The book value of debt is calculated by adding up ALL of the debt on
the balance sheet. This will typically be the sum of Notes Payable,
Current Portion of LT Debt and Long-Term Debt.
The market value of equity is the Market Cap, and equals the
number of (common) shares outstanding multiplied by the
price/share. Note that the timing of this value should coincide with
the book value of debt. For example, if you calculate the book value
of debt as of 12/31/03, then the market cap should also be calculated
for that date. Be very careful about using the reported Market Cap on
Yahoo.finance it may not have the same timing.
By using this formula, you should be able to track the companys use
of debt over many years. Finally here, you may also calculate the
straightforwardDebt Ratio (as defined in the text in the chapter on
the analysis of financial statements), which would use the book value
of common equity instead of the market value. This is not a
recommendation to use that ratio for the WACC, but the Debt Ratio
may be useful for comparison.
3. r d; the cost of debt. There may be more than one acceptable approach to
calculate or estimate a companys cost of debt (be sure to read the
text!). One relatively straightforward method is to discover the companys
debt rating (e.g., by Moodys). This can usually be found on the companys
10K (see the link on my homepage) and doing a word search for rating or
debt rating. For a discussion of bond ratings, see the text (look in the
index). If you can find the debt rating for your company then you can carry

out the following steps (if you cannot find a bond rating for your company,
you might try to estimate/guess what it is by considering your companys
beta and comparing the bond ratings for companies with similar betas). If
you are not able to find a bond rating readily, you can register (for free)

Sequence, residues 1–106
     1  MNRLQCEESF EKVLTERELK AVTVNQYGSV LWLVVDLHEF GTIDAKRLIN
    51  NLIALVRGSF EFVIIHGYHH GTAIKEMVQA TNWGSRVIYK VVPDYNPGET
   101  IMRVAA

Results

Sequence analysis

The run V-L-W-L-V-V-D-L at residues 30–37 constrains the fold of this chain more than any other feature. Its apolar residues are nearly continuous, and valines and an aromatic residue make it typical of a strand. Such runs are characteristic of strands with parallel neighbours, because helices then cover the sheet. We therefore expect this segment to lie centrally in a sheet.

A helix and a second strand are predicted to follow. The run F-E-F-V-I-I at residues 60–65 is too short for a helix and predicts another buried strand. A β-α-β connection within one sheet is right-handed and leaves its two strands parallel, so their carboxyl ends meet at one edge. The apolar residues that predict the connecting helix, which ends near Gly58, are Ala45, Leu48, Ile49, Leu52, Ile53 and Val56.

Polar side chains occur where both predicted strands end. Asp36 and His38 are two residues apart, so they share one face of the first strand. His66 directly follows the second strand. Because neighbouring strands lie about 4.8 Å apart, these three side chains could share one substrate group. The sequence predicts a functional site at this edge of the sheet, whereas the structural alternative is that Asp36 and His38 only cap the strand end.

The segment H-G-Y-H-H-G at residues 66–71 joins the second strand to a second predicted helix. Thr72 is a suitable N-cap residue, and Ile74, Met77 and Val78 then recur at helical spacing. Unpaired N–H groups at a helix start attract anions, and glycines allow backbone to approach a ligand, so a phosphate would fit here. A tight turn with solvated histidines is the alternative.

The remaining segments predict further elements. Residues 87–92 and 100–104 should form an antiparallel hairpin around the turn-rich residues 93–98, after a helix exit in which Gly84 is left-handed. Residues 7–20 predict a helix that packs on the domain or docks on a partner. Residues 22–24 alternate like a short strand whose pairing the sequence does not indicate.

at Standard & Poor's and at Moody's to find company ratings. You may also
find other interesting and useful information there. For a general discussion
of what the ratings mean, see the information from these rating agencies on
my
homepage
at
the Bond
Rating link.
Once you have the actual bond rating or an estimate you can then find or
estimate your companys cost of debt by going to Yahoo.finance and
clicking on theBonds/Rates link (http://bonds.yahoo.com/rates.html). Look
at the yields for the 20 year Corporate Bonds by rating. If your companys
bond rating is listed, youre in luck. If it is not listed then you can estimate
the cost of debt. For example, if the AAA yield is 6.50%, the AA yield is
6.75% and the A yield is 7.00%, you can see a pattern (equation). For every
increase in risk (from AAA to AA), there is a 0.25% increase in the yield. If
your company has a BB rating, then it is two steps below the A rating, so
you should add approximately 0.50% more to the 7.00% for the A rating,
giving you a cost of debt for your company of about 7.50%. Note that this
approach assumes a linear equation for the cost of debt (which may not be
strictly true).
4. The corporate tax rate ( T ). Be sure to read the section in the text on
Corporate Income Taxes (Chapter 2). The correct tax rate for a company is
themarginal tax rate for the future! If you expect your company to be very
profitable for a long time into the future, then the tax rate ( T ) for your
company should probably be the highest marginal tax rate applicable for
corporations. But there are times when companies can obtain long-term tax
breaks so that their tax rates may be lower than the stated (regulated) tax
rate. Consequently you may want to calculate several/many
historical effective tax rates for you company. The effective tax rate is the
actual taxes paid divided by earnings before taxes (on the income
statement). You can calculate/consider these rates for the past 5-10 years
and then compare this effective tax rate to the legally mandated highest
marginal corporate tax rate. If the past historical effective rate is lower than
the marginal tax rate, there may be a good reason for using that lower rate in
your pro formas.